This account of Ireland in 1635 is extracted from the Travels in Holland, the United Provinces, England, Scotland and Ireland, 16341635, of Sir Brereton, Bart., the well-known Parliamentary general.1 Brereton's journal of his travels, after remaining for two centuries in manuscript, was printed in 1844 from the original in the possession of Sir Philip de Malpas Grey Egerton, and forms the first volume of the publications of the Chetham Society. The manuscript had previously undergone some curious vicissitudes, and a high testimony to the interest and value of Brereton's narrative of his adventures at home and abroad is supplied in Sir Walter Scott's warm approbation. Scott strongly urged its publication, actually tendering his own services as editor, and offering to supply all the necessary explanatory notes. Most people will share the regret of Mr. Hawkins, the editor of the Chetham Society's volume, that this most valuable offer should have been declined.
Although the existence of the manuscript was known to writers on Irish antiquities for many years prior to its being printed, Brereton's narrative has been little noticed by writers on Ireland. Monck Mason was shown it by Sir William Betham, and in a note at p. 7 of his History of St. Patrick's Cathedral, published in 1820, he printed Brereton's description of the appearance of that edifice in 1635. Dubourdieu in his Statistical Survey of the County of Down, published in 1802, printed the paragraphs of the journal which relate to that county, and the same writer also refers to the narrative in his Survey of the County of Antrim (1812). Dubourdieu mentions, on the authority of Bishop Percy, with whose ownership the Chetham Society's pedigree of the manuscript begins, that the journal belonged to the well-known antiquary, General Vallancey, who had bought it at an auction in 1791. It was doubtless on Vallancey's death in 1812 that Bishop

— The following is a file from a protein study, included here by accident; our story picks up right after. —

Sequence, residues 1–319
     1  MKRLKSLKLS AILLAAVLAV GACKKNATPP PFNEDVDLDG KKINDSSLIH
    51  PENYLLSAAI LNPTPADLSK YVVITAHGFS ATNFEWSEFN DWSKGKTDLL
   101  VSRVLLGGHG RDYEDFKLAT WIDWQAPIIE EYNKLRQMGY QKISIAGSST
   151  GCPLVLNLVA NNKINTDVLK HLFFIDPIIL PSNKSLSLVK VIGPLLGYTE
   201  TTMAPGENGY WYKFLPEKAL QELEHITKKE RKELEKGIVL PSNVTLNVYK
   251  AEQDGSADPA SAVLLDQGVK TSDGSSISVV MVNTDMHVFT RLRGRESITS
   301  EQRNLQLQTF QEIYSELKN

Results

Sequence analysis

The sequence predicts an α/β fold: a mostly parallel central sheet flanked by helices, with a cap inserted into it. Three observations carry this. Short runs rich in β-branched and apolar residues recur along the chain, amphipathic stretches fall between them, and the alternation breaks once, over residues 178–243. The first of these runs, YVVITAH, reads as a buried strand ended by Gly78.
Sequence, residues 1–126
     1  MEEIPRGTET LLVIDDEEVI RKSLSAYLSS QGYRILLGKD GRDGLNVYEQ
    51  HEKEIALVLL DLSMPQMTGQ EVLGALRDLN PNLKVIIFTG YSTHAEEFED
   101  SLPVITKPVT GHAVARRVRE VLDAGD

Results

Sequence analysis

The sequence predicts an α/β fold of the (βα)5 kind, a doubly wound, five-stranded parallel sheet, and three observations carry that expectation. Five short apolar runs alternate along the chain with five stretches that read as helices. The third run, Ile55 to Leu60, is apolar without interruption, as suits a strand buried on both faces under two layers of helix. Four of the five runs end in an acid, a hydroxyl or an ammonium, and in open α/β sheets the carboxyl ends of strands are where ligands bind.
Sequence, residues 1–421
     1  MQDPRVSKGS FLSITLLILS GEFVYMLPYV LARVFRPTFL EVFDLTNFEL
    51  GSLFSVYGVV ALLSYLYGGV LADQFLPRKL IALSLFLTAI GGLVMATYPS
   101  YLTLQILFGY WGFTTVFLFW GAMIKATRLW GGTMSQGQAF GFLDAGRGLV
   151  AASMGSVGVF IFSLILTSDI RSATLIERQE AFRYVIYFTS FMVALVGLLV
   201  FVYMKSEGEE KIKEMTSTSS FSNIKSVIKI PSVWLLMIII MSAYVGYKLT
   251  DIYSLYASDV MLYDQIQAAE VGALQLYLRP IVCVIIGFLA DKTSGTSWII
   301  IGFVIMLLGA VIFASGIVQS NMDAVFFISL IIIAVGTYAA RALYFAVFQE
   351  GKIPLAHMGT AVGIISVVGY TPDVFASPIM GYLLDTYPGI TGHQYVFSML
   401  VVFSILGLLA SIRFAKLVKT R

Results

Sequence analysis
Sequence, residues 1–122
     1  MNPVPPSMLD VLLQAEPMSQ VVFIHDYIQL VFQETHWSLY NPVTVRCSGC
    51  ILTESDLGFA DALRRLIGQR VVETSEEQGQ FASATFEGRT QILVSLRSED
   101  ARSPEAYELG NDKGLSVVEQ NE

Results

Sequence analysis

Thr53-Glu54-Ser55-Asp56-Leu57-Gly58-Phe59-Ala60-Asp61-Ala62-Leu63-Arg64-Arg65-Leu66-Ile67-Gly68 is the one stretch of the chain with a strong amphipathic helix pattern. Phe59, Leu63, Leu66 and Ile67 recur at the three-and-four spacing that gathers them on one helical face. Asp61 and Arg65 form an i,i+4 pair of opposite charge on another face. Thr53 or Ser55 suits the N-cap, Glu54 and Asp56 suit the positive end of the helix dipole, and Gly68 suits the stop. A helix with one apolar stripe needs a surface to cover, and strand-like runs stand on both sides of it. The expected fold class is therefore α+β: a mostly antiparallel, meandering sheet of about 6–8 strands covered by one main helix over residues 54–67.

p.364Percy acquired the manuscript.2 Portions of the Irish narrative were also printed by the Rev. Sir Francis Lynch Blosse in the Church of Ireland Magazine for 1826, but without any attempt at annotation, and in D'Alton's History of Drogheda part of Brereton's account of that city is given, as the description of an anonymous traveller. The fact that the Irish journal occupies barely a fifth of the Chetham Society's publication has caused it to be overlooked even by writers interested in the historical topography of Ireland, as well as by the historians. It is not mentioned in Andersen's Book of British Topography, and the writer of the notice of Brereton in the Dictionary of National Biography, though he states that Brereton's travels extended to Ireland, mentions the diary only as affording information regarding the social condition of England and Scotland. Neither Froude nor Lecky in their rapid surveys of seventeenth century history, nor Gardiner in the admirable Irish chapters of his chief work, makes any mention of Brereton's narrative. Although the Chetham Society's edition of the Travels is now out of copyright, the Irish Section has not been printed here without the courteous concurrence of the present secretary. Those notes to the Chetham edition which have been utilised in this volume bear the initials of Mr. Hawkins. For the remainder the present editor is responsible.